Must the Maine Lien be notarized?

Yes. Maine requires that a mechanics lien be notarized.

Can I file a Maine Lien if I'm unlicensed?

Maine imposes no requirements for lien claimants to be licensed, other than a “real estate licensee.” Parties required by the state to be licensed to perform work, however, may be penalized if they do not conform with those licensing requirements.

Can I file a Maine Lien on a condominium project?

Yes, a mechanics lien may be filed against a project involving a condominium, provided the lien claimant would otherwise have valid mechanics lien rights.

Who cancels the Maine Lien if/when I get paid?

Maine law was recently amended to require the lien claimant to release a lien within 60 days of the date on which the lien was satisfied. The law does not require that the property owner or some other interested party request or demand the release of the lien in order for the time period to start.

Read more about the amendment in the article Maine Requires Removal of Satisfied Lien – Or There May Be Consequences.

What are the Lien waiver rules?

Maine does not have statutory lien waiver forms; therefore, you can use any lien waiver form. Since lien waivers are unregulated, be careful when reviewing and signing lien waivers.

Maine state law is unclear or silent about whether contractors and suppliers can waive their lien rights before any work on the project begins. Accordingly, you want to proceed with caution on this subject.

To learn more about lien waivers, see our Maine Lien Waiver FAQs and Resources.

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Maine Mechanics Lien Statutes

The provisions of the Maine statutes that permit the filing of mechanics liens and materialman’s liens can be found in Maine’s Construction Lien Law, Maine Code 10 M.R.S.A. § 3251 et. seq. The full text of Maine’s Construction Lien Law is provided below, and has been updated as of 2016.

Maine's Mechanics Lien Statute

§ 3251. Lien Established

Whoever performs labor or furnishes labor or materials, including repair parts of machines used, or performs services as a surveyor, an architect, a forester licensed under Title 32, chapter 76 or an engineer, or as a real estate licensee, or as an owner-renter, owner-lessor, or owner-supplier of equipment used in erecting, altering, moving or repairing a house, building or appurtenances, including any public building erected or owned by any city, town, county, school district or other municipal corporation, or in constructing, altering or repairing a wharf or pier, or any building thereon, including the surveying, clearing, grading, draining, excavating or landscaping of the ground adjacent to and upon which any such objects are constructed, or in selling any interest in land, improvements or structures, by virtue of a contract with or by consent of the owner, has a lien thereon and on the land on which it stands and on any interest such owner has in the same, to secure payment thereof, with costs. If the owner of the building has no legal interest in the land on which the building is erected or to which it is moved, the lien attaches to the building, and if the owner of the wharf or pier has no legal interest in the land on which the wharf or pier is erected, the lien attaches to the wharf or pier, and in either case may be enforced as provided. If the owner of such land, building, wharf or pier, so contracting, is a minor or married woman, such lien exists and such minority or coverture does not bar a recovery in any proceeding brought to enforce it.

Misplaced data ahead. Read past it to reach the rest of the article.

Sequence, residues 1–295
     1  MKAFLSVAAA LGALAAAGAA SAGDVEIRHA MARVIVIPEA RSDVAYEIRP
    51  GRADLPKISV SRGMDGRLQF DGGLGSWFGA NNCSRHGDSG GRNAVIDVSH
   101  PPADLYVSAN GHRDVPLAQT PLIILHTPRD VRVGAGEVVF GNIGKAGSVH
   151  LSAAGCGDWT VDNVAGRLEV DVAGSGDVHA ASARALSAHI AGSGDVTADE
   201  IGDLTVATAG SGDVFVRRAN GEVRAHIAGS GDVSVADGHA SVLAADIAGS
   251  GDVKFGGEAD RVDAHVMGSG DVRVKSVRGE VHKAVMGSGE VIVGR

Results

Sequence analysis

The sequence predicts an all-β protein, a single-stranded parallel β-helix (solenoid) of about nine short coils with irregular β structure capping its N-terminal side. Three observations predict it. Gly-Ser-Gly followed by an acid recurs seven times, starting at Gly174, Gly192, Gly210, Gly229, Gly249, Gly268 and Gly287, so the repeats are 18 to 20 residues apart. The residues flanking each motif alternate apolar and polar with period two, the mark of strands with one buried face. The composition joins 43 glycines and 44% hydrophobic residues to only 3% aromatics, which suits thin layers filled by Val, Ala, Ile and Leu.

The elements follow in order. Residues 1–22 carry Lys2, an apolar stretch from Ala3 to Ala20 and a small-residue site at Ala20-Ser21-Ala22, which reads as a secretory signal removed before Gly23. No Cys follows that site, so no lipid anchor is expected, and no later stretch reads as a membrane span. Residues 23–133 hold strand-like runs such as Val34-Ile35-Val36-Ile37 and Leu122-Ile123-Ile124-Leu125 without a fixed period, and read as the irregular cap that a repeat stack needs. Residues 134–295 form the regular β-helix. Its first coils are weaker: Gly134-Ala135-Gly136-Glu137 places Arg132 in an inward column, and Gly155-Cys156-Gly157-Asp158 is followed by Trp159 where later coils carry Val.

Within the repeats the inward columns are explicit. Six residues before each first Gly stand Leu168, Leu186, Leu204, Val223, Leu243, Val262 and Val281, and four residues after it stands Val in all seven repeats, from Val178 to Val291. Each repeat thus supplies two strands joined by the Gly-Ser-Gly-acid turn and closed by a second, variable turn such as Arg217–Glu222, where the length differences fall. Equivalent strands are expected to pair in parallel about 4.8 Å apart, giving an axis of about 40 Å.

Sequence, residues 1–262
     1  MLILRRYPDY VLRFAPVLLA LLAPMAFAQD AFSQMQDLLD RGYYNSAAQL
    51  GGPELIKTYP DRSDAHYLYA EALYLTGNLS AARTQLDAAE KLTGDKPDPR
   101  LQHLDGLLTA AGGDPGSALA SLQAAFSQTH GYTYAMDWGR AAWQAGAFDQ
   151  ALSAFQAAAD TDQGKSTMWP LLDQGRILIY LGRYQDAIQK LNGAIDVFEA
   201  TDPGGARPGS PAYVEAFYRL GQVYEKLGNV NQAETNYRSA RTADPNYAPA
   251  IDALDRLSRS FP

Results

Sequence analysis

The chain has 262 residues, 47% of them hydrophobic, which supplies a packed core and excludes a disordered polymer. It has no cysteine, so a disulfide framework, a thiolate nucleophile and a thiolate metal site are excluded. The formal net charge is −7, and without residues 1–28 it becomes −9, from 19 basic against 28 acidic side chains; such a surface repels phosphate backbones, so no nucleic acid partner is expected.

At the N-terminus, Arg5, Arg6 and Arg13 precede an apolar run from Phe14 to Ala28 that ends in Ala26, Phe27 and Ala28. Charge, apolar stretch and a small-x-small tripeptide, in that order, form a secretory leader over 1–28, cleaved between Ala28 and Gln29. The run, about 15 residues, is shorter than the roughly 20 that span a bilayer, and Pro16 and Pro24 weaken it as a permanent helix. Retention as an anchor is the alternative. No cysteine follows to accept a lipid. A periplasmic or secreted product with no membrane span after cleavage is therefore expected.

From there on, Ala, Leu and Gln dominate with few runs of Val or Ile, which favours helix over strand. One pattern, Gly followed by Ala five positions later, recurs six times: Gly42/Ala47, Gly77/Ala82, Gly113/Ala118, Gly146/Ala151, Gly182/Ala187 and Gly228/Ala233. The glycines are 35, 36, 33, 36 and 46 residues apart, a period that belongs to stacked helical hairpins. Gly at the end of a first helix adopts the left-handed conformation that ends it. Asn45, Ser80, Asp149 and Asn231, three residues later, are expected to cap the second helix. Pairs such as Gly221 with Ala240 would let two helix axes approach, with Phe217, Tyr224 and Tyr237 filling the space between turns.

§ 3252. Prevention of Lien

If the labor, materials or services were not furnished by a contract with the owner of the property affected, the owner may prevent such lien for labor, materials or services not then performed or furnished, by giving written notice to the person performing or furnishing the same that he will not be responsible therefor.

§ 3253. Dissolution Unless Claim Filed

1. Filing of claim. The lien under section 3252 is dissolved unless the claimant, within 90 days after ceasing to labor, furnish materials or perform services:
A. Files in the office of the register of deeds in the county or registry district in which the building, wharf or pier is situated a true statement of the amount due the claimant, with all just credits given, together with a description of the property intended to be covered by the lien sufficiently accurate to identify it and the names of the owners, if known. The statement must be subscribed and sworn to by the person claiming the lien, or by someone in the claimant’s behalf, and recorded in a book kept for that purpose by the register of deeds for the county or registry district, who is entitled to the same fees as for recording mortgages; and